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Sonic Youth's Ongoing Experiment

Few bands have explored music as long or as fiercely as Sonic Youth, drawing influences from genres as disparate as hardcore punk, avant-garde classical, free jazz and mainstream rock 'n' roll. Throughout their 19th studio album, Sonic Nurse, and at an age when many of their peers have retreated to playing past hits or nothing at all, they continue to work complex and contradictory territory. Here flights of improvisational fancy are bookended by tightly structured set pieces, otherworldly tunings push the boundaries of the guitar/bass/drums, and evocative lyrics drift in and out of focus against a seething mass of sound.

Like last year's Murray Street, widely hailed as a return to form, Sonic Nurse is less confrontational than 1988's Daydream Nation, building shimmering textures of interlocking guitars and tucking the band's trademark dissonance into the cracks. It is only after a few listens, for instance, that you hear the buzzsaw of feedback under the laid-back "Dripping Dream," or the disturbing dissonances within "Dude Ranch Nurse." Yet, according to guitarist Lee Ranaldo, there's no softening at work here. "We've always loved both poles — the totally discordant and dissonant pole as well as the really beautiful pole," he said in a recent phone interview. "I don't think we're afraid to put either one in. It's a matter of what the songs call for."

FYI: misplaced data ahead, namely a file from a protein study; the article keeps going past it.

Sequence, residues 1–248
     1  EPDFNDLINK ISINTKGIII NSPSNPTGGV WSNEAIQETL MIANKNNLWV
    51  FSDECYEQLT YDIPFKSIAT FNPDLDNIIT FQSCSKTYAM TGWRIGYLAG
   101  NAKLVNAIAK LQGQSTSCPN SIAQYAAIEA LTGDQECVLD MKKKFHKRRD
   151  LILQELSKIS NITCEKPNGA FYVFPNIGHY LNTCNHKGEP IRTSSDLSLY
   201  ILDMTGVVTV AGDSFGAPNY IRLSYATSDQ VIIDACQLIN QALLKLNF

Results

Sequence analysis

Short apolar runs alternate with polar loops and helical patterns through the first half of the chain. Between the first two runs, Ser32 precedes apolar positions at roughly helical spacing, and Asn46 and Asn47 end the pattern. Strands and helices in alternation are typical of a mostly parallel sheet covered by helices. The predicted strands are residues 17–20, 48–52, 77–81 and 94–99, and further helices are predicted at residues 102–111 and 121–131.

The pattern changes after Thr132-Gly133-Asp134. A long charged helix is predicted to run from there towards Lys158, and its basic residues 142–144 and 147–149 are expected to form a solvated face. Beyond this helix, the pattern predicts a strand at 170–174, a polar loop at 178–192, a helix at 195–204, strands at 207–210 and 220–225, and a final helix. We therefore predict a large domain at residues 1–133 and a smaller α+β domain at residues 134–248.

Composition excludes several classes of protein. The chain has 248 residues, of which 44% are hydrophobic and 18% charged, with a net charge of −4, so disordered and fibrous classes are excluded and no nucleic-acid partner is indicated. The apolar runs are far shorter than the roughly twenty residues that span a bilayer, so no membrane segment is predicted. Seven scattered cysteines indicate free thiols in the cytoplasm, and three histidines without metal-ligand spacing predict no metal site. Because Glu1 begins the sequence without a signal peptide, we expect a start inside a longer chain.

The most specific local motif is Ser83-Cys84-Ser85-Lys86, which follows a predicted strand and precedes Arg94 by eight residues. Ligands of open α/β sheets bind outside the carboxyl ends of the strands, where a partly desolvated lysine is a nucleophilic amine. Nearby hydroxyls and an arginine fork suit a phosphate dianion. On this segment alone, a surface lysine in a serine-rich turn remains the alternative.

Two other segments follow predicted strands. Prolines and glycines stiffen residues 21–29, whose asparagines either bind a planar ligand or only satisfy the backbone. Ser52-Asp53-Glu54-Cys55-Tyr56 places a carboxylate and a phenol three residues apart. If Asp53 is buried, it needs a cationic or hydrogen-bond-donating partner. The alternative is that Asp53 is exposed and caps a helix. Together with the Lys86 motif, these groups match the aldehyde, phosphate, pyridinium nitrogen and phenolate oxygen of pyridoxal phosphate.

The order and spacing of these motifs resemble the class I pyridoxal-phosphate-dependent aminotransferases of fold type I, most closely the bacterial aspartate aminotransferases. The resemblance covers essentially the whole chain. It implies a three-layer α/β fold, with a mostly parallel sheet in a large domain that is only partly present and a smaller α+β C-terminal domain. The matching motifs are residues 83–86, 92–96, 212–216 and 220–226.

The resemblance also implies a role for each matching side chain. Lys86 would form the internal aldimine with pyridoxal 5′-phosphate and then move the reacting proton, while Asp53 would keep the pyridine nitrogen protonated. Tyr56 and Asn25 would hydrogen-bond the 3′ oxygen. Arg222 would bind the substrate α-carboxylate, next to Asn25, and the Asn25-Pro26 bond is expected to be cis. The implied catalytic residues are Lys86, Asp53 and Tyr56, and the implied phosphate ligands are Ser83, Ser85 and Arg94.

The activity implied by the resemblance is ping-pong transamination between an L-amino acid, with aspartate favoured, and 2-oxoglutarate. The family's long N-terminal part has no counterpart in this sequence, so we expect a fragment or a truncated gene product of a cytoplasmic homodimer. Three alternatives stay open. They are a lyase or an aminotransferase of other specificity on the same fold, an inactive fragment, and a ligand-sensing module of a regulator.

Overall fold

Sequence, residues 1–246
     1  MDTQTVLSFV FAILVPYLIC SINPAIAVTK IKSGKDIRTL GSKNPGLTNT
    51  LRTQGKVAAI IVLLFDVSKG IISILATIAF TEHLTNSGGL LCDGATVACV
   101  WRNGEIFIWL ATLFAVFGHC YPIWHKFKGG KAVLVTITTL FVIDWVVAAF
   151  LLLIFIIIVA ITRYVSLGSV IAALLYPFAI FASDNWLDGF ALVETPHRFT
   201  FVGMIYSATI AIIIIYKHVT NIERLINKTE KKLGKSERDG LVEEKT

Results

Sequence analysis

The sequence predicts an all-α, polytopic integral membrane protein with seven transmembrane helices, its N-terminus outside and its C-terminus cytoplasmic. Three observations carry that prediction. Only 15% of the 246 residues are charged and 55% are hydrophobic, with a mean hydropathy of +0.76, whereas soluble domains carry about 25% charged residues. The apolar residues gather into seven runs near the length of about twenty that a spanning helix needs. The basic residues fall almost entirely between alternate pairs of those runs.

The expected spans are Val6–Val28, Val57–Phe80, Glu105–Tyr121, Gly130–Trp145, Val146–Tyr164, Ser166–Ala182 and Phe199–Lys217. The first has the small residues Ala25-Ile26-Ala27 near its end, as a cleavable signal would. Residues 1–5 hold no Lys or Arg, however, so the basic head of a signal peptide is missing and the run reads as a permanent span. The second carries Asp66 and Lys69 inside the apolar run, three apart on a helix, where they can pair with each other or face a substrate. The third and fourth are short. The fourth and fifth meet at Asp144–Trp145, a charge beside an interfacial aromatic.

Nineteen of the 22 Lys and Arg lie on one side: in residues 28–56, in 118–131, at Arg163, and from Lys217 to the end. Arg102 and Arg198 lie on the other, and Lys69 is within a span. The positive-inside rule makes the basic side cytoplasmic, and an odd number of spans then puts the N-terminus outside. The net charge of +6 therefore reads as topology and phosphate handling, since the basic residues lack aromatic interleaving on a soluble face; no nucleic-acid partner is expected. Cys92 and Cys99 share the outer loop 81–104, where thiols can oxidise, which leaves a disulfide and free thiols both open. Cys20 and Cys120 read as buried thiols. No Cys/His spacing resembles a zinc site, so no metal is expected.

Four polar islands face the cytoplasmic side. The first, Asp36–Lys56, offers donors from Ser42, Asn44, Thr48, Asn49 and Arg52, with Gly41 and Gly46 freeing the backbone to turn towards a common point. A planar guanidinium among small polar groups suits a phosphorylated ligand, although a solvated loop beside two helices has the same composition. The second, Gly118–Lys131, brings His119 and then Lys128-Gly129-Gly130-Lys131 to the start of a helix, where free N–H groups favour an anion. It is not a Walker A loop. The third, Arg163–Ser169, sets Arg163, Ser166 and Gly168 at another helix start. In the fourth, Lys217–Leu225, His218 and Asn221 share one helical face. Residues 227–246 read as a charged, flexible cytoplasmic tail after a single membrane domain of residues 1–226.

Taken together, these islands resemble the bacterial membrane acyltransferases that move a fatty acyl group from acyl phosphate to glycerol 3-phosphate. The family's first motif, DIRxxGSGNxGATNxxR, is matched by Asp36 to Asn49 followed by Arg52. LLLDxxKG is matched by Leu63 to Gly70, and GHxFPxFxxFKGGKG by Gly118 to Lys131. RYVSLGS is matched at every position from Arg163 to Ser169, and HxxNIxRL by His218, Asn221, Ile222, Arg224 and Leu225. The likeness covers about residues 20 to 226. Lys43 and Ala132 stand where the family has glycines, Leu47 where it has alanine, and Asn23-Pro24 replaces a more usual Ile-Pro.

Sonic Nurse is the second album recorded with Jim O'Rourke, whose contribution Ranaldo described like this: "We imagine that these records would sound pretty similar whether [Jim] was involved or not, in terms of the songwriting. And yet, just having a fifth member, a fifth voice, adds opinions and suggestions; it opens the music up a little bit more to some new directions and new spaces."

He added that, paradoxically, incorporating a third guitar had the effect of opening up some of the tracks and increasing the space around the notes. "You'd think [the music] would get denser, and sometimes it does, but also there's sort of freedom where you know there's somebody else playing, so everybody's free to leave a little bit more holes in their parts."

That space and extra player heighten the complexity of one of Sonic Youth's quintessential sounds — those sections (for instance in "Stones" and "Pattern Recognition") where everyone in the band is playing distinct and totally different parts that somehow come together and make sense as a whole. "We love to do those kind of interlocking parts," Ranaldo commented. "It's something that [Sonic Youth vocalist/guitarist] Thurston [Moore] and I have done for years, and it's a lot of fun having a third person around to do them with us. Actually Thurston and I would do some of that kind of stuff with [bassist] Kim [Gordon] when she was playing a lot more guitar — which she still is, but when we weren't having a bass player. Now that we've got three guitars and a bass on pretty much everything, we do even more of that sort of interlocking stuff."

Ranaldo says that the band spends many hours in rehearsal working out those individual but complementary parts. A song's structure will eventually become locked in, but others remain, as he puts it, "open to continually evolving interpretation.

"I think as we've progressed in our songwriting, we've built more set structures into our songs, whereas in the early days it was a little bit more improvisational throughout the pieces," he explained. "But still there are improvisational sections, where you know that you're starting at point A and ending at point B and everybody's pretty much free to get there in whatever manner they choose."